Belarus, Republic of Eastern Europe, Inland State bordering Poland in the west, Lithuania and Latvia in the northwest, Russia in the north and east and Ukraine in the south.
Belarus became independent in 1991 when the Belarusian Socialist Soviet Republic declared independence from the Soviet Union. Throughout history, the territories that today make up Belarus have been part of a number of different state formation, including the Kiev State, the Lithuanian Grand Principality, the Polish-Lithuanian Commonwealth, the Russian Empire and the Soviet Union. For short periods, the Belarusians have also had their own state formation; The Belarusian People’s Republic was established in March 1918 and lasted the year.
Today, Belarus is closely linked to Russia. The country is a member of the Commonwealth of Independent States (SUS), and has close, economic and military cooperation with Russia.
The Norwegian name Belarus is a translation of the term Belarus, which has an unclear origin, but has been used about these areas since the late Middle Ages.
Belarus was already admitted as a member of the UN in 1945. The country is also a member of several UN specialized agencies, including the World Bank; for example, the Commonwealth of Independent States (SUS) and the Organization for Security and Cooperation in Europe (OSCE). Belarus signed in 1995 Partnership for Peace agreements with NATO and spring 1997 union agreement with Russia. Belarus, together with Kosovo, is the only country in Europe that is not a member of the Council of Europe.
Belarus national anthem is My Belarusy (We Belarusians). The title, which is unofficial, is from the first verse line of the original 1955 text.
Geography and environment
Belarus covers a land area of 208,000 square kilometers, which corresponds to about two-thirds of Norway’s land area. The country is a plain country that is clearly marked by the icing during the last ice age. It is the largest country in Europe that does not have access to the sea.
The Belarusian ridges are a southwest-northeast moraine ridge, which forms the watershed between Neman and Dvina, both flowing to the Baltic Sea, and Dnieper with the bee-lions Pripjat and Beresina, which flow to the Black Sea.
One third of Belarus is covered by forests, essentially bare forests. The Republic has one of Europe’s largest remaining primeval forests: the Belarusian state reserve Belush Pushcha.
The fauna in Belarus has great similarities to that found in eastern Poland. In the forests, large mammals such as elk, deer, and wild boar live, and also many marsh animals, including badgers. The Belavezhskaya forest on the border with Poland has a considerable population of European bison.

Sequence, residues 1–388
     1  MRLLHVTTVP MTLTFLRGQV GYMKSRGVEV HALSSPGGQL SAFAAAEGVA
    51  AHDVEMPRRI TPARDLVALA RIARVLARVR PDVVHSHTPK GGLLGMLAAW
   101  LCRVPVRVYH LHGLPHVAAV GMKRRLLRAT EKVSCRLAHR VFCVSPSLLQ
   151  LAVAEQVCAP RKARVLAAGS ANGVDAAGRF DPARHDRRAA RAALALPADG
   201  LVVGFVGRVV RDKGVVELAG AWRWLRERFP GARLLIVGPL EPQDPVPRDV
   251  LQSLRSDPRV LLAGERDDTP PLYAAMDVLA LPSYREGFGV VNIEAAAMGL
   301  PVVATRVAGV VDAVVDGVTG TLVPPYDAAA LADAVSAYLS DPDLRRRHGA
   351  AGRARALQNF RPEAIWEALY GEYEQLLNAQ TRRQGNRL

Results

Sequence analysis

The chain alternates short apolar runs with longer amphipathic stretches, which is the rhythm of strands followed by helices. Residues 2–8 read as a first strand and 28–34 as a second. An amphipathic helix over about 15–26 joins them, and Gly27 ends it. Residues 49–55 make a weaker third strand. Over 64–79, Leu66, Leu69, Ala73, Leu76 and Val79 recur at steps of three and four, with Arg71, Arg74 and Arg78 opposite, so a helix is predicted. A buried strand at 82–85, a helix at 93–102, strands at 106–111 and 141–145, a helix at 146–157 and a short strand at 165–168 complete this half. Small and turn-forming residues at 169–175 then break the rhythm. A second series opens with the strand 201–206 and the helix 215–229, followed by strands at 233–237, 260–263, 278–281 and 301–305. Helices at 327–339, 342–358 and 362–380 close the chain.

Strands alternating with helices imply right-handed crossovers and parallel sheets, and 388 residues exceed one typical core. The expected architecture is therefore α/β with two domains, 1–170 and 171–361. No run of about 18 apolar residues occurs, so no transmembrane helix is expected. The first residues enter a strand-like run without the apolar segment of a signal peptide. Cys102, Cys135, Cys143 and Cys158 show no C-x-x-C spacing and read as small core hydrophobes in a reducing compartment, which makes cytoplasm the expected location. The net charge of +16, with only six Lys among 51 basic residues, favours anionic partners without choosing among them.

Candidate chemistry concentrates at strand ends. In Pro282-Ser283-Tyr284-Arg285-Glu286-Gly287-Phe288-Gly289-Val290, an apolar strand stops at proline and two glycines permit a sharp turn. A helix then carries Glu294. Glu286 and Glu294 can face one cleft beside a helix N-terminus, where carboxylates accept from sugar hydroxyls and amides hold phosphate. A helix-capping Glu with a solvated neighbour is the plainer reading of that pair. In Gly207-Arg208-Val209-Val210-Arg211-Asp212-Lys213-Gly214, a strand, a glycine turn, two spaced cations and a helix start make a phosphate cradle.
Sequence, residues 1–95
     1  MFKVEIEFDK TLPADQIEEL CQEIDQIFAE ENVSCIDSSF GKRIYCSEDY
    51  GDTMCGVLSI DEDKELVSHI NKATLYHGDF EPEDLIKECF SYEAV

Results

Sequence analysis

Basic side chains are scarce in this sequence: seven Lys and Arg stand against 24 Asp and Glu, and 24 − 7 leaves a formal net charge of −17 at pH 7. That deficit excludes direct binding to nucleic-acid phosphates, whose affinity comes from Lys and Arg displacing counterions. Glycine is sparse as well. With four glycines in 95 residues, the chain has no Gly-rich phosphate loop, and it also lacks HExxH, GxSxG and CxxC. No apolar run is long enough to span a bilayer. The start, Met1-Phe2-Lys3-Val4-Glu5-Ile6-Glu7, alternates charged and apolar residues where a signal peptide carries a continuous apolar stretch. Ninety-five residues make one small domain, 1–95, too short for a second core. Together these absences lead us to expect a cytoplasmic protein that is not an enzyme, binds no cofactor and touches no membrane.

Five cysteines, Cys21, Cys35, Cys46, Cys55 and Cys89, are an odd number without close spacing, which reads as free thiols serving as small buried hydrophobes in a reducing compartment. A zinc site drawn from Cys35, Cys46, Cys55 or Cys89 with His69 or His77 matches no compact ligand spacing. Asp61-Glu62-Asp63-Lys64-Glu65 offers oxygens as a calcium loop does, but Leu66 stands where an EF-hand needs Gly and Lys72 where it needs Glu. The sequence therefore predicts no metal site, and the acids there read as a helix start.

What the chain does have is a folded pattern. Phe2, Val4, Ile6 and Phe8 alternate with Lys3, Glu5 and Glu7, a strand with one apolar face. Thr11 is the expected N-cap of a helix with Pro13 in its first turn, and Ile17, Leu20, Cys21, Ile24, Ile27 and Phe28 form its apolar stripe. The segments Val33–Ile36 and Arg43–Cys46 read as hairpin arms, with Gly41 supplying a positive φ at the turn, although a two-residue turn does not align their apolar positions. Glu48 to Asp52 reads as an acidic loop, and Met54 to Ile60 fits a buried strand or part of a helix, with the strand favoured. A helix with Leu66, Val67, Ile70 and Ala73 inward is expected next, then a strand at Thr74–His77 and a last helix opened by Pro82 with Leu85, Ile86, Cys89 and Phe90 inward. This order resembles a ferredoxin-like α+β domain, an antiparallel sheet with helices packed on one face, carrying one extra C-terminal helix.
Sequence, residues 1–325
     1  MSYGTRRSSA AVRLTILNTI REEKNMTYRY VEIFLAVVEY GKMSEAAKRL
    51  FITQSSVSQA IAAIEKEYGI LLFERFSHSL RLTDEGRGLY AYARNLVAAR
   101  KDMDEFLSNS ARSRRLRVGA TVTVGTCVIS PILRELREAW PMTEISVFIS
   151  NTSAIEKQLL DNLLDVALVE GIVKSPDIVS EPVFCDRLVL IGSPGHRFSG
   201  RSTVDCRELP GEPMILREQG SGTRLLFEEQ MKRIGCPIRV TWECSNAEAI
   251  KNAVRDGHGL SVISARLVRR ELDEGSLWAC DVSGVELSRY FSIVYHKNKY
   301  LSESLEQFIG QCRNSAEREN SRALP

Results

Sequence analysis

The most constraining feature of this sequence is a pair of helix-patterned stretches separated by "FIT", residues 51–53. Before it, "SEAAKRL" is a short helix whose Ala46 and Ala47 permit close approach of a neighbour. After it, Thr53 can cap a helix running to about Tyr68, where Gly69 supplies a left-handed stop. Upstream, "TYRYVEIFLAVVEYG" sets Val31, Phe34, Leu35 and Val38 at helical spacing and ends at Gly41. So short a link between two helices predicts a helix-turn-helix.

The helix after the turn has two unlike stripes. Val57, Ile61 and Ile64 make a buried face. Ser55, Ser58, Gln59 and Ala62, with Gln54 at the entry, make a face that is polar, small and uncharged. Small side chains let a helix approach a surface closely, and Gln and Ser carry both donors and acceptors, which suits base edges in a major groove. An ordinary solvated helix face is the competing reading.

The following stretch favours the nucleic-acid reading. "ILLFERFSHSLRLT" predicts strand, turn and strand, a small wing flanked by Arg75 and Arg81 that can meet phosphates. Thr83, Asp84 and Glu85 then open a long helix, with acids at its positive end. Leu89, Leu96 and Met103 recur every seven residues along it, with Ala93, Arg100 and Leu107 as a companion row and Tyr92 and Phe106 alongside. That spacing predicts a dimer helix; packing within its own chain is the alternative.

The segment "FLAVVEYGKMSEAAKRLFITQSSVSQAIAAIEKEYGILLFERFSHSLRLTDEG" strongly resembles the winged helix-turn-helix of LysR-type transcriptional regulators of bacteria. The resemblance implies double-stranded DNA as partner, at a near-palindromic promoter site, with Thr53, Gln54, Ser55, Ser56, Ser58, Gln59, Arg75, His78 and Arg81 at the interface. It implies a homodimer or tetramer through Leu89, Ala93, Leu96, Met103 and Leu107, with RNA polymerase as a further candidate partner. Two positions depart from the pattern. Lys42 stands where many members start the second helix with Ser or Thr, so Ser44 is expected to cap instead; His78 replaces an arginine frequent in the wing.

Bird life is rich. The birds of prey include sea eagles, wasps and larch falcons. The stork thrives in the cultural landscape and is a traditional symbol of Belarus; numerous ends, ridges and waders in the many wetlands. In the woods, for example, large birds and blackbirds live.
People and society
The population of Belarus is 9,452,113 (2018), and the country is experiencing a decline in the population. Life expectancy at birth is estimated to be 79 years for women and 67.8 years for men (2018). Source: Countryaah.com
The country is one of the sparsely populated countries in Europe. The south of the country is least populated, while the northern, western and eastern parts of the country are more densely populated. Almost three quarters of the residents live in cities. The capital Minsk is a metropolitan area. Every sixth resident lives here.
Around 80% of the population are Belarusians, 13% are Russians. Polish and Ukrainian minorities live mainly in the border areas in the west and south. Russian is the second official language alongside Belarusian.
Around 72% of the population belong to the Christian Orthodox Church. Minorities are the Jews and Muslims. There is ten years of compulsory schooling. The illiteracy rate is 2.1%.
The reactor disaster of Chernobyl on April 26th, 1986 had devastating effects. About half of Belarus was contaminated. Around 120,000 people have been evacuated from the highly polluted areas to date.
Belarusians, who make up 84 percent of the population (2009), belong to the East Slavic peoples group, like Russians and Ukrainians.
About three-quarters of the population lives in cities. The largest cities are the capital Minsk, Homel and Vitsebsk.
The Orthodox Church is the dominant church in Belarus, but also the Catholic Church, the Unitarian Church and Judaism have long traditions in the country. In an official 2011 survey, 76 percent of Belarusians state that they are Orthodox, while 10 percent are Catholics.
Belarusian has been the official language of the republic since 1990, after a referendum in 1995, Russia also gained the same status. According to the census in 2009, 53 percent of the country’s citizens considered Belarusian as their mother tongue, while 42 percent stated Russian. In reality, Russian is the dominant language.
State and politics
In December 1991, the Soviet Union was disbanded. Belarus President Stanislaw Shushkvich (center) with Russia’s President Boris Yeltsin (right) and Ukrainian President Leonid Kravchuk (left) signed a resolution on the dissolution of the Commonwealth of Independent States (SUS). The picture was taken on December 18, 1991.